The 10-year veteran (who also played two seasons overseas) is still only 31 years old. After starting playoff games for the Celtics just a few months ago, Green can clearly still contribute in the right situation, both on the court and in the locker room. His astonishing athleticism may have faded a bit, but Green remains more able than most.

ALSO AVAILABLE: Anthony Morrow (Bulls)


Shabazz Muhammad, Minnesota Timberwolves

Just a few years ago, Muhammad was one of the top prospects coming out of high school, and showed enough promise in one year at UCLA to be drafted 14th overall in the 2013 NBA Draft.

Shabazz Muhammad averaged 9.9 points per game last season.

But Muhammad never really found his break-out role in Minnesota. However, that may be a reflection of the constant organizational changes as much as anything (Muhammad played for four different coaches in his four seasons with Wolves). The durable swingman shot just 33.8 percent on 3-pointers and tallied just 35 assits in 1,516 minutes last season. Still, at just 24 years old, Muhammad would seem to still have room to grow.

ALSO AVAILABLE: Matt Barnes (Warriors), Michael Beasley (Bucks)


Nikola Mirotic, Chicago Bulls

These days, power forwards are expected to have range extending beyond the 3-point line. Mirotic was billed as a “stretch four”, but last season shot just 34.2 percent from deep. This is roughly in line with his career averages mark from there (35 percent). At 6-foot-10 and 26 years old, Mirotic, a restricted free agent, would seem to still have value around the NBA. Mirotic and the Bulls have been at something of a stalemate this offseason, with both sides expressing interest at a reunion. But for now, it’s a waiting game for both sides.

The Bulls rally past the Cavs behind a big night from Nikola Mirotic.

Also still available: Adreian Payne (Timberwolves), Kris Humphries (Hawks)


Nerlens Noel, Dallas Mavericks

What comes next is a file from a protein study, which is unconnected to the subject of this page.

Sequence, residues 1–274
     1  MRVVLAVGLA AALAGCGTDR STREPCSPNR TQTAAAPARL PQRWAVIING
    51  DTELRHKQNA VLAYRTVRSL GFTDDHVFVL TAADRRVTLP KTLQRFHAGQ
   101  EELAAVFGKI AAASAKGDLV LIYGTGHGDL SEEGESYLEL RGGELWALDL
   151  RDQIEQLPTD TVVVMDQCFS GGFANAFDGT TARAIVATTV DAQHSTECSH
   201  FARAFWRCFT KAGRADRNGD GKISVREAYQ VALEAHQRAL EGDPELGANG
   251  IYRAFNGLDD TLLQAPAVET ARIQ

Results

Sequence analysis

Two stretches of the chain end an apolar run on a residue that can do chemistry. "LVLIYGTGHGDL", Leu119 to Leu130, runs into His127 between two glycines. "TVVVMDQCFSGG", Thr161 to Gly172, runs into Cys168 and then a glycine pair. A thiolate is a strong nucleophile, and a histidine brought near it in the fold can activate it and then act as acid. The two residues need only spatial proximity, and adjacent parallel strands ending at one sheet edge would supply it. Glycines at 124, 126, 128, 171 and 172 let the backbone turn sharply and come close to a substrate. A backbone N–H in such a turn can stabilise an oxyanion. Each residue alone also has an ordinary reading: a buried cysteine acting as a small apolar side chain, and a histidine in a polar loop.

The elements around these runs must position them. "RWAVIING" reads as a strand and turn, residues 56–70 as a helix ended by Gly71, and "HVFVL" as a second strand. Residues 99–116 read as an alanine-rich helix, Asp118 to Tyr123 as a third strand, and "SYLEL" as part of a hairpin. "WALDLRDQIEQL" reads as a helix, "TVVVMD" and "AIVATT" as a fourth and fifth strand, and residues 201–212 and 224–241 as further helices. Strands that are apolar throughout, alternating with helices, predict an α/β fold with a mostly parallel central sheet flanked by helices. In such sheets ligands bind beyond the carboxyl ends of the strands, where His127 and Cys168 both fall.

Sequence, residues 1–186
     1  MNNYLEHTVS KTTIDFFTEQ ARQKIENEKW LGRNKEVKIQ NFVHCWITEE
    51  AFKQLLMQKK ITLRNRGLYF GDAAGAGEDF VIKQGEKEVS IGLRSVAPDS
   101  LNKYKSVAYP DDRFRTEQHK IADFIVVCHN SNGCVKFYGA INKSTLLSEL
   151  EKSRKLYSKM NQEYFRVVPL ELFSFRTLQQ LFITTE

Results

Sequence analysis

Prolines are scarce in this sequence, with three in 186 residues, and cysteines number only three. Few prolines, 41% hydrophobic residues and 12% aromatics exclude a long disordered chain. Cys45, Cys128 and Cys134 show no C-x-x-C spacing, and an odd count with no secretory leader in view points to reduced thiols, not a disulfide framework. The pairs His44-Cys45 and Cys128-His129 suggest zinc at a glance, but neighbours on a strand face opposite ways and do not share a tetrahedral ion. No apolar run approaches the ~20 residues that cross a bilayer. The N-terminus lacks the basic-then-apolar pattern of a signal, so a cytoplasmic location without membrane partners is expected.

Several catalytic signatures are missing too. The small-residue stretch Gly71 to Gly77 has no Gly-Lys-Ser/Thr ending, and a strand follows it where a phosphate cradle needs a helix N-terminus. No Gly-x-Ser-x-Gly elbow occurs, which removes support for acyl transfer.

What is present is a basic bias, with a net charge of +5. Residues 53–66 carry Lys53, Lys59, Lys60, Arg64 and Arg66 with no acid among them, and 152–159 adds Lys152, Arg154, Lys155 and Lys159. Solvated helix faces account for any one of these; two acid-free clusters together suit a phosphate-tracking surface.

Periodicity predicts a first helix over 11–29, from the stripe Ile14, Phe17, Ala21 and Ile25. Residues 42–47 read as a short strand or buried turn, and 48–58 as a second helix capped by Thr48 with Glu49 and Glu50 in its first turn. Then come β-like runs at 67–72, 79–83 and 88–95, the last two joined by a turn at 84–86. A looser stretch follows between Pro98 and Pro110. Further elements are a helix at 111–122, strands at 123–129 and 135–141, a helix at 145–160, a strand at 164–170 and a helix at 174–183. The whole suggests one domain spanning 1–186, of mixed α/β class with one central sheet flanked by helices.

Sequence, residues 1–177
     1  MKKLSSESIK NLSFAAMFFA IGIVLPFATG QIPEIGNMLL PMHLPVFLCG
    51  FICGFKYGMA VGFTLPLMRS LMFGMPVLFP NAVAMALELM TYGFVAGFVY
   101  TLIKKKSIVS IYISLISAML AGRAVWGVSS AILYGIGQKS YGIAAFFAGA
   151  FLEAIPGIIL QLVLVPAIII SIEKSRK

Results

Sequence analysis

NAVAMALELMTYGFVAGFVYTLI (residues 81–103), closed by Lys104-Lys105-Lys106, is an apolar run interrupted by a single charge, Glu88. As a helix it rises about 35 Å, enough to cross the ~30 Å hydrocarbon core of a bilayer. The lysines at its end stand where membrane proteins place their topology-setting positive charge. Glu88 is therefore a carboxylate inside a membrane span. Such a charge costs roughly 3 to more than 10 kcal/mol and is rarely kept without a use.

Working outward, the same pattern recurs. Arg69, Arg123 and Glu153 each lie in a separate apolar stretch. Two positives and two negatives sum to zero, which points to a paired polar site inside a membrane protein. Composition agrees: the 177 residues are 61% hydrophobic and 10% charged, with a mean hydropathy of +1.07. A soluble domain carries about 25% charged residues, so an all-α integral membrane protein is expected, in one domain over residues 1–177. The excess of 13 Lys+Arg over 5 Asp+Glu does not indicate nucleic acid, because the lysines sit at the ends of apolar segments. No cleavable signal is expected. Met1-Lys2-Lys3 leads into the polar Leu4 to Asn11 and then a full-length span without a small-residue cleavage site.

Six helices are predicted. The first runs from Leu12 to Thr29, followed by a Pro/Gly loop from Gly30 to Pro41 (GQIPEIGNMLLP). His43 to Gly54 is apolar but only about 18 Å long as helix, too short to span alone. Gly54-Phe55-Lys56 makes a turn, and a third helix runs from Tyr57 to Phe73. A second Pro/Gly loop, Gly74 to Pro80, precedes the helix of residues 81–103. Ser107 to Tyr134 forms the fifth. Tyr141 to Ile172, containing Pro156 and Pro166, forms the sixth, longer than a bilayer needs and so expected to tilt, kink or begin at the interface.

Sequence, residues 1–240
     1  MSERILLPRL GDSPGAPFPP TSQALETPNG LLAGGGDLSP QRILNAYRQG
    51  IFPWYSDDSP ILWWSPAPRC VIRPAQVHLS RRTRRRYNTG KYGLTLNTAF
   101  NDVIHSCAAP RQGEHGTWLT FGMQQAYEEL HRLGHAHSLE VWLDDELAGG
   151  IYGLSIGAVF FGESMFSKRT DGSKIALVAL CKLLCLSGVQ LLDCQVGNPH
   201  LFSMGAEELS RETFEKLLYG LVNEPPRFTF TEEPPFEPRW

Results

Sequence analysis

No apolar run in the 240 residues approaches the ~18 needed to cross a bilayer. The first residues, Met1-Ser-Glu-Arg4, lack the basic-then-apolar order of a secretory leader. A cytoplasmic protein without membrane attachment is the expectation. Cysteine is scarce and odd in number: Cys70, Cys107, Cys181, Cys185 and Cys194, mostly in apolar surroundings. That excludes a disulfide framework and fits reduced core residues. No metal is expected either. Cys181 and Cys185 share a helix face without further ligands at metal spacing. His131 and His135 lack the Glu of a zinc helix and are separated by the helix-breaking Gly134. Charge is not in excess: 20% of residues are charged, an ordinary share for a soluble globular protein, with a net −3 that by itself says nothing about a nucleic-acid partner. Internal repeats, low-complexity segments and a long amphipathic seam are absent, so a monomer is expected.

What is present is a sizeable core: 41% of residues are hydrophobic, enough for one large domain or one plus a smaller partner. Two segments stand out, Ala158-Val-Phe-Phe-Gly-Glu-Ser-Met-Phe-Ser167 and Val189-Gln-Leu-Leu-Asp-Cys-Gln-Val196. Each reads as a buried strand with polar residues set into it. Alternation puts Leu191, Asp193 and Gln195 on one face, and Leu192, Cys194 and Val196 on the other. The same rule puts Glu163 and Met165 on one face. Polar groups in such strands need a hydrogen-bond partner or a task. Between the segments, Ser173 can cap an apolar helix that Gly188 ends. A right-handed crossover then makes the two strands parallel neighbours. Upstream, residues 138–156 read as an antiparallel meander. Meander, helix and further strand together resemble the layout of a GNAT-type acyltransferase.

As the NBA has become more of an outside-in league the last few seasons, every team is searching for mobile centers who can set perimeter screens and also as scramble back to protect the rim. That makes Noel’s situation in Dallas even more interesting.

Nerlens Noel gets up to cap off an alley-oop against Memphis.

After a few seasons with the 76ers, the Mavericks acquired Noel at the trade deadline in 2017. In 22 games with the Mavs, Noel looked like a long-term building block for a rebuilding franchise. But as a restricted free agent, Noel has thus far been unable to come to an agreement with Dallas. Like fellow restricted free agent center Mason Plumlee, Noel is discovering that this summer, at least for centers, it’s a buyers market.

Roy Hibbert, Denver Nuggets

Just a few years ago, Hibbert showed everyone how to establish verticality at the rim as he anchored the Indiana Pacers’ run at the Eastern Conference title. Hibbert was an old school, physical, back-to-the-basket center who could defend the rim and paint. And almost as quickly as Hibbert became an All-Star, the NBA changed, which mostly left Hibbert on the inside looking out. Players like Hibbert are increasingly dinosaurs in this modern, pace-and-space NBA, and after stops in Los Angeles, Charlotte and Denver, the 30-year-old Hibbert still hasn’t found a home for the upcoming season.

Also still available: Mason Plumlee (Nuggets), Tiago Splitter (76ers), Andrew Bogut (Cavaliers)

Lang Whitaker has covered the NBA since 1998. You can e-mail him here, find his archive hereor follow him on Twitter.